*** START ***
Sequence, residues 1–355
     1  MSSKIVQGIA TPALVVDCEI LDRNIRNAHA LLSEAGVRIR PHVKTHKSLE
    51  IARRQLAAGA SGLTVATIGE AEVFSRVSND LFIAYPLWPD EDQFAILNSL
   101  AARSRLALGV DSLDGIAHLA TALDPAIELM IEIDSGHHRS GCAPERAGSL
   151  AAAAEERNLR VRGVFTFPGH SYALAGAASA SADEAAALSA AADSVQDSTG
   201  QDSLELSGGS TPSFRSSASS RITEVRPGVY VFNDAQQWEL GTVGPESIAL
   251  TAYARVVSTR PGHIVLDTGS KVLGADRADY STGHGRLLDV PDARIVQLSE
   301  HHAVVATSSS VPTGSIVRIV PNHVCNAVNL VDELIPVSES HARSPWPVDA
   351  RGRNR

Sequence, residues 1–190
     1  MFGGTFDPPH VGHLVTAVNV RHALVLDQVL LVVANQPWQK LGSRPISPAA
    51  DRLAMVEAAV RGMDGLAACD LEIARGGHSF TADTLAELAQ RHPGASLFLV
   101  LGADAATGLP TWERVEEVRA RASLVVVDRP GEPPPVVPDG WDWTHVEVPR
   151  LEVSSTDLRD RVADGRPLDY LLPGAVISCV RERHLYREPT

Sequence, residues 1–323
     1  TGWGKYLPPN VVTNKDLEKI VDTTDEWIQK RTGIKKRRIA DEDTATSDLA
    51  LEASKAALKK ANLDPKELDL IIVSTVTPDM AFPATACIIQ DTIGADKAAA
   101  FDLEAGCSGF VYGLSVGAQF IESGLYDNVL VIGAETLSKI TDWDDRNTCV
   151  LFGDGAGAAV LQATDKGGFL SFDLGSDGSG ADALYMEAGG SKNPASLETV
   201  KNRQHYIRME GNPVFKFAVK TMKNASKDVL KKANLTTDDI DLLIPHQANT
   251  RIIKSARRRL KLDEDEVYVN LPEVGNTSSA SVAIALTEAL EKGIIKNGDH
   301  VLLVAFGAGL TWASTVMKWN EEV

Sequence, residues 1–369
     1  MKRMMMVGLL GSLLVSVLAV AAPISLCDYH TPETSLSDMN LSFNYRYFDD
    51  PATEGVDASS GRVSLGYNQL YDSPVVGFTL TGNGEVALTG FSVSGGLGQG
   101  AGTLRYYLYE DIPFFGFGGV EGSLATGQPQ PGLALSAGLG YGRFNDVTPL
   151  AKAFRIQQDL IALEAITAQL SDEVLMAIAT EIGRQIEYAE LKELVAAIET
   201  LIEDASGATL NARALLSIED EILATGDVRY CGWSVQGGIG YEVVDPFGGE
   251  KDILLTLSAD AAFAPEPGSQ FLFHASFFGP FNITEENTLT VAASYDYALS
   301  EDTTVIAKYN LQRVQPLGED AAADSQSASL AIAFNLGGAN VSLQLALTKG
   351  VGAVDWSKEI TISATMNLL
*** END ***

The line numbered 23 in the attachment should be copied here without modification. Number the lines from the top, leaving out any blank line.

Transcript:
Sequence, residues 1–369